For many of us in the northern hemisphere, the 2015 triathlon race season is just around the corner. You may already have your A, B, and C races set, but if you’re like me, you’re still contemplating a few.
Many of us are in search of our next personal best. In endurance sports, we love the journey. Little by little we want to try and find ways to test ourselves, to test the limits of our abilities. This comes down to training and preparation. But, race selection and scheduling also plays a huge part.
Designing a race schedule is somewhat of an art. For the competitive athlete, it’s about cutting through all of the options to figure out what race is going to help you maximize your chances for success.
When thinking about potential races, I think about three major areas: 1) where does it fall within my schedule; 2) what’s the field been like in previous years; and 3) does the course align with my strengths.
This might seem obvious, but scheduling two races too close together means you’ll likely compromise on one or both of them. Knowing your body’s recovery needs is critical. Systemmic inflammation persists in the body days and even weeks after a triathlon, depending on the distance. Try and race when you’re body is still in healing mode and you’ll likely feel sluggish, fatigued, and heavy-legged.
On the other hand, sequencing two races the perfect duration apart can sometimes result in a catapulting effect. For example, you can use a first, shorter distance race during a taper period to prepare for a longer distance race. Your taper is a time to cut volume and focus on race intensity. A shorter distance race can help with that.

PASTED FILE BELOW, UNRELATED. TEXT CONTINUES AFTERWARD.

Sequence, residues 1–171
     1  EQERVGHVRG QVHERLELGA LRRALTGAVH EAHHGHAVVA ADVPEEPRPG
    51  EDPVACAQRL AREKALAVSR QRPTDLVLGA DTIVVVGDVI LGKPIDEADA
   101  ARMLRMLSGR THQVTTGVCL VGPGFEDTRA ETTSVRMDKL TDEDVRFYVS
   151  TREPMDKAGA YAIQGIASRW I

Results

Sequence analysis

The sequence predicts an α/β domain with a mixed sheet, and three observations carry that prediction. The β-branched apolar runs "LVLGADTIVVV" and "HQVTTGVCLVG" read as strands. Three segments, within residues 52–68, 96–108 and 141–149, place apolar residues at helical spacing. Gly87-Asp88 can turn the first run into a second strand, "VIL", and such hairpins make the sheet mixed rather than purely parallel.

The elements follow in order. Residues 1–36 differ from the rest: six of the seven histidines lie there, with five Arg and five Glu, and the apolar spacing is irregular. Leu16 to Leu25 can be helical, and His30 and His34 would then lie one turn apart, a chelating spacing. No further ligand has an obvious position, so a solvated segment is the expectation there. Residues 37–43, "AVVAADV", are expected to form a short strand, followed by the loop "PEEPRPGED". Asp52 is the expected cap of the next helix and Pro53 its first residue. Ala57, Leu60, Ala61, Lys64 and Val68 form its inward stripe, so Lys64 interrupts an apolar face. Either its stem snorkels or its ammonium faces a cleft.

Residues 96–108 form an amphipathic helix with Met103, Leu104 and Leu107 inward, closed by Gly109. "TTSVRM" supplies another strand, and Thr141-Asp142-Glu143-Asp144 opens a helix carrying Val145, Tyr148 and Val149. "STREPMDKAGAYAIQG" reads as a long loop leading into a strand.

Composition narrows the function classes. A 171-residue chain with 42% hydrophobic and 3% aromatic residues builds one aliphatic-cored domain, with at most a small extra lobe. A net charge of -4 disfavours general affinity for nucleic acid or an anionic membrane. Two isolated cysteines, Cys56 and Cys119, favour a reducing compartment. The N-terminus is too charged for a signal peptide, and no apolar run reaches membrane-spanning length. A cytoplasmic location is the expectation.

Stepping back, the overall timing of the race in the calendar is important as well. Will the race be during a typical busy season at work that could suck time away from training and leave you stressed? Or, is the race in the early or late summer versus the dead of August? If I knew I raced better in less humidity or cooler temperatures, I’d look for races that fit that bill.
Research the Field
Less of a priority, but still helpful, is to research the field from previous years at the race you’re planning to do. As a coach, I’d only recommend this if you’re a serious age-group vying for a place on the podium. Also, it’s more of a general sense than an exact science. Some races are more competitive than others. It’s the nature of the sport. If I’m trying to qualify for the 70.3 IRONMAN World Championships or Kona, the historic strength and competitiveness of the field might be a big consideration.
Research the Course
Now this is the big one. You can’t control who else will show up on the start line, but you can 100 percent control how you prepare for a course. You also have 100 percent control over registering for a race with a course that suits your strengths. In last week’s article I talked a bit about the importance of understanding your goals, strengths and weaknesses. This will come in handy as you plan your race calendar. Here are a few things you might want to consider:
- Is the swim a point-to-point, or rectangle?
- Is the swim in a river, lake or ocean?
- Is the water temperature historically wet-suit legal?
- Is the bike course hilly?
- Is the run course hilly?
- Is the bike course along an ocean, plain, or some other area that gets a lot of wind?
- Is the run on pavement, trail, boardwalk, or some other surface?
- Is the run multiple loops?
If I’m a strong swimmer, I can have my pick. But, if swimming isn’t my strongest discipline, I might consider a point-to-point river swim. Ditto if I feel my sighting skills are sub-par. Also, if I feel more comfortable swimming in a wetsuit, I might consider a race where the water temperature will likely allow for it.
What are your bike and run strengths? Are you a strong climber? Go with a hillier bike course. Do you enjoy and excel at running on trails? Look for an off-road run course (or partially). Do you thrive off the energy from seeing your family and friends? Consider a race with a multiple-loop bike and/or run course.
Alexander Graham Bell, inventor of the telephone, once said, “Before anything else, preparation is the key to success.” Your training is a big part of your success, but so is choosing the right race. Pick one that suits your strengths, and maximize your chances for a PR.